Whose opinion do you listen to?
I see that my favourite marketing guru (Seth Godin) has an interesting blog post today about which opinions are worth listening to. There are certainly plenty of folk out there willing to share their views on us and what we do, and according to Seth we often pay heed to the wrong ones!
It reminded me of a couple of things, one abstract, the other more real-world.
First, the Inner Voice concept which performance psychologists, NLP coaches and others find so fascinating. Tim Gallwey wrote the Inner Game of Tennis (one of the most influential books in business coaching) and built up the case for the Two Selves. Self 1 is our inner voice, the internal chatter that frequently sabotages our efforts when we have to perform in some way and feel anxiety or uncertainty. Self 2 is the doing part of our being – it’s dominant when we perform at our best, when we’re in a state of ‘flow’ (driving a car for example). Our ability to manage that inner chatter and allow Self 2 to strut its stuff is crucial to our success – take an interest in these areas. Start by simply being aware of the existence of negative self-talk. These internal critics may shout loud, but their opinions need to be balanced with more positive influences.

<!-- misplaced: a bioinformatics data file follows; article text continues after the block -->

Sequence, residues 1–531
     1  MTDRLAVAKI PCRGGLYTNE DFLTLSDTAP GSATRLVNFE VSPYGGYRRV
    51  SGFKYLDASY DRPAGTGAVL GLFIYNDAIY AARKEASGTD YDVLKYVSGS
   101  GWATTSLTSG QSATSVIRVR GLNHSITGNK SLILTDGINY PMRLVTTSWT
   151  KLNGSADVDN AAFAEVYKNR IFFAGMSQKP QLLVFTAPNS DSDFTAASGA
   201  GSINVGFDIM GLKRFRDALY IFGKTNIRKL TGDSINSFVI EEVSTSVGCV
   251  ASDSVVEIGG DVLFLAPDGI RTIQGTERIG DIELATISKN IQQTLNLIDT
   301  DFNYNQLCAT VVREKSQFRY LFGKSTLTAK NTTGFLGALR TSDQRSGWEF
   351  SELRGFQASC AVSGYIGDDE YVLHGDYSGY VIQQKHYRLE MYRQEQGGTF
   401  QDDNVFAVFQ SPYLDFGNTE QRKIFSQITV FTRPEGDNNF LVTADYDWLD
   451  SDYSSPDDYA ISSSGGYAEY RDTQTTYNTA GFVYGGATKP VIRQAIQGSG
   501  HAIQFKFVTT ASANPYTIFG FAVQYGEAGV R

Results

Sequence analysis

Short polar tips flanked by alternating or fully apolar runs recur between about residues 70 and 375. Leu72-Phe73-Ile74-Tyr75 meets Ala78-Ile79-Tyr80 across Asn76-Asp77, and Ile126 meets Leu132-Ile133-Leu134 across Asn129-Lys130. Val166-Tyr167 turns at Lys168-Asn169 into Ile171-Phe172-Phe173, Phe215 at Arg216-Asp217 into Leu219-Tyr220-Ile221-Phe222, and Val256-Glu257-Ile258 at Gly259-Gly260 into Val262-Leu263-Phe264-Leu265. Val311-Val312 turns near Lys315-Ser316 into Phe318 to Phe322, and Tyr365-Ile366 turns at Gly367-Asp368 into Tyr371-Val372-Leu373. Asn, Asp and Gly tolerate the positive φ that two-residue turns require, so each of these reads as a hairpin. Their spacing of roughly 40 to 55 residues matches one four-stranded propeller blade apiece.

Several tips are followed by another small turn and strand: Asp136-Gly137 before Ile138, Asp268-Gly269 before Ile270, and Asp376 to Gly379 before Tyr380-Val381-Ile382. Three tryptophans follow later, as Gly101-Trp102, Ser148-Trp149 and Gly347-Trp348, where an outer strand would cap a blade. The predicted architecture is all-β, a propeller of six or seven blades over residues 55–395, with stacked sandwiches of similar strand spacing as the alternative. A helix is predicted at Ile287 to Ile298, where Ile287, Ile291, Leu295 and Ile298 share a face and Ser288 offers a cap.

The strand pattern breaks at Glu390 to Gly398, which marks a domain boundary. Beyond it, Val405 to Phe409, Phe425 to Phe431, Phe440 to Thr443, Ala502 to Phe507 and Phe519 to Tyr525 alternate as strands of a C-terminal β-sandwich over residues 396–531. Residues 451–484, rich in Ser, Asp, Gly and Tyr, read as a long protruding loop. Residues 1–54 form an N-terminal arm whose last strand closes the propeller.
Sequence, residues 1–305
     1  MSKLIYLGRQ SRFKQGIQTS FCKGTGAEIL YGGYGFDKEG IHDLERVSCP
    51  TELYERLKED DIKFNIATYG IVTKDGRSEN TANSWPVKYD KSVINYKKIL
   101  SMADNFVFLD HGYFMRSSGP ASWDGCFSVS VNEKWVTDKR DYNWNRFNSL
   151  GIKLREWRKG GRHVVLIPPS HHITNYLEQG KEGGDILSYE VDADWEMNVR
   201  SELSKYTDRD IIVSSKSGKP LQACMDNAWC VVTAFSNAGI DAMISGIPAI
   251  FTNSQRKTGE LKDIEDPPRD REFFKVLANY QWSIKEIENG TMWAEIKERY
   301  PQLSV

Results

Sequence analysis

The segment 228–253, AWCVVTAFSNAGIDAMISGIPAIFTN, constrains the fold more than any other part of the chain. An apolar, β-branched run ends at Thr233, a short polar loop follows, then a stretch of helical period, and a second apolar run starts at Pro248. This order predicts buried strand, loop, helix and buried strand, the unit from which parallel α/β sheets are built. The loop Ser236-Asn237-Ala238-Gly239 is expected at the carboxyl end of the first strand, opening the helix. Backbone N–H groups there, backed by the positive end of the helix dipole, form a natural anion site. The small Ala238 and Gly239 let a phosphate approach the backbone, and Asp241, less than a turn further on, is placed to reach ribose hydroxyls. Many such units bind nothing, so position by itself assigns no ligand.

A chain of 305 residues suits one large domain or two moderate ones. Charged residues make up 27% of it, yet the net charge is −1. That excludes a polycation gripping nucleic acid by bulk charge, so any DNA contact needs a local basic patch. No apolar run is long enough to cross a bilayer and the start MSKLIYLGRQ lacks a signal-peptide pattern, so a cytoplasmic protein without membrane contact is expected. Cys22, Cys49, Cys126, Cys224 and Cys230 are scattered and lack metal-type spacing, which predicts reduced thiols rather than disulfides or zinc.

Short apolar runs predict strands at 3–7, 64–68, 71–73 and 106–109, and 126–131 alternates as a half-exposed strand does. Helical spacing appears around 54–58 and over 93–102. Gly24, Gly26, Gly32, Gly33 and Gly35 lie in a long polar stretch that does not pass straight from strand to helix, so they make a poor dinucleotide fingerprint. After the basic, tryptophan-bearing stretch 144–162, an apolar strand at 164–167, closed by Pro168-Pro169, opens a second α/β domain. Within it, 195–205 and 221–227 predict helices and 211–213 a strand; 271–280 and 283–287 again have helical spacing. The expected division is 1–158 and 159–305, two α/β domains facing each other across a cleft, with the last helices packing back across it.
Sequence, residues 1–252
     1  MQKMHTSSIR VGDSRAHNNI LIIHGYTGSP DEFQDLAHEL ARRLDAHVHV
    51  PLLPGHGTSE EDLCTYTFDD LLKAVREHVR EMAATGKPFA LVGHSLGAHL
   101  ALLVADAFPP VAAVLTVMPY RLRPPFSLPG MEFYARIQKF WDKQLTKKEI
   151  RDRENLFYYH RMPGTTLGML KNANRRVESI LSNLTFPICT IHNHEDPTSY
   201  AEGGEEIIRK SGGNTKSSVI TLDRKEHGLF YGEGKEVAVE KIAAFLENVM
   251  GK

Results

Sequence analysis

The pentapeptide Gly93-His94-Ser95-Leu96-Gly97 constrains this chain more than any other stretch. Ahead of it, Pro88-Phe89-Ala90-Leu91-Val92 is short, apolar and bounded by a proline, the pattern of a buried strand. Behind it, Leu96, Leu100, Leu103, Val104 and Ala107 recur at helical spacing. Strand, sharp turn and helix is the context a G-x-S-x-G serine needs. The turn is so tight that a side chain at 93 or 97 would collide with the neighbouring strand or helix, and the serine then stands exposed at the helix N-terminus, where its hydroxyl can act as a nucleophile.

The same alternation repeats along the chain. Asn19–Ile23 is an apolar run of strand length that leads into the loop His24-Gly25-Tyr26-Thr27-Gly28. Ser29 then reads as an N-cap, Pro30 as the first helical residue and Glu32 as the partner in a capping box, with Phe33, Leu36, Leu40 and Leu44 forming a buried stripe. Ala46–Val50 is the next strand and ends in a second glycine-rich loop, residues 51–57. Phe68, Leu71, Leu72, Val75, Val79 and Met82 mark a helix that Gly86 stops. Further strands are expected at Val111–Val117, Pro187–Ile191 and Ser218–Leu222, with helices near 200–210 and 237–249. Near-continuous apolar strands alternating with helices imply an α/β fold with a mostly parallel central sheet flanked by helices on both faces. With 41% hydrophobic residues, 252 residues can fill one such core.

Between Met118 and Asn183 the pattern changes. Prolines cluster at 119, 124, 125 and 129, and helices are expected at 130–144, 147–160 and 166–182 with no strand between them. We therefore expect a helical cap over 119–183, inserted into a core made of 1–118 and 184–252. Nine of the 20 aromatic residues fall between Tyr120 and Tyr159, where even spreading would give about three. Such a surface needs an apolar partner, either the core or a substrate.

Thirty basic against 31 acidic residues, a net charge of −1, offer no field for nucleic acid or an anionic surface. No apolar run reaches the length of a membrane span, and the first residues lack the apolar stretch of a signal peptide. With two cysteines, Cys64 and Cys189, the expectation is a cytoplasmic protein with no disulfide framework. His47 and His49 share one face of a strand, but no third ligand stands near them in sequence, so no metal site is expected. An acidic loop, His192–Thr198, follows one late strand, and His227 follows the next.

My second point comes from my past experience of running membership-based golf & leisure clubs. I recall how easy it was to be swayed by the ‘regulars’. They’re always in the bar and they’ll seize every opportunity to tell you where you’re going wrong. Yet despite being so unhappy with the way things are, they’ll never leave! They’ll renew their membership year-on-year and keep propping up the bar. It’s the members you rarely see who represent the risk in your business. Their renewal is by no means guaranteed and for some reason they’re not frequenting the club/bar/restaurant. It’s your job to find out why, and try to convert them into active users.
Criticism stings and it forces itself into our consciousness. But as Seth Godin reminds us, the trick is to identify which opinions matter – a central theme in improved emotional intelligence.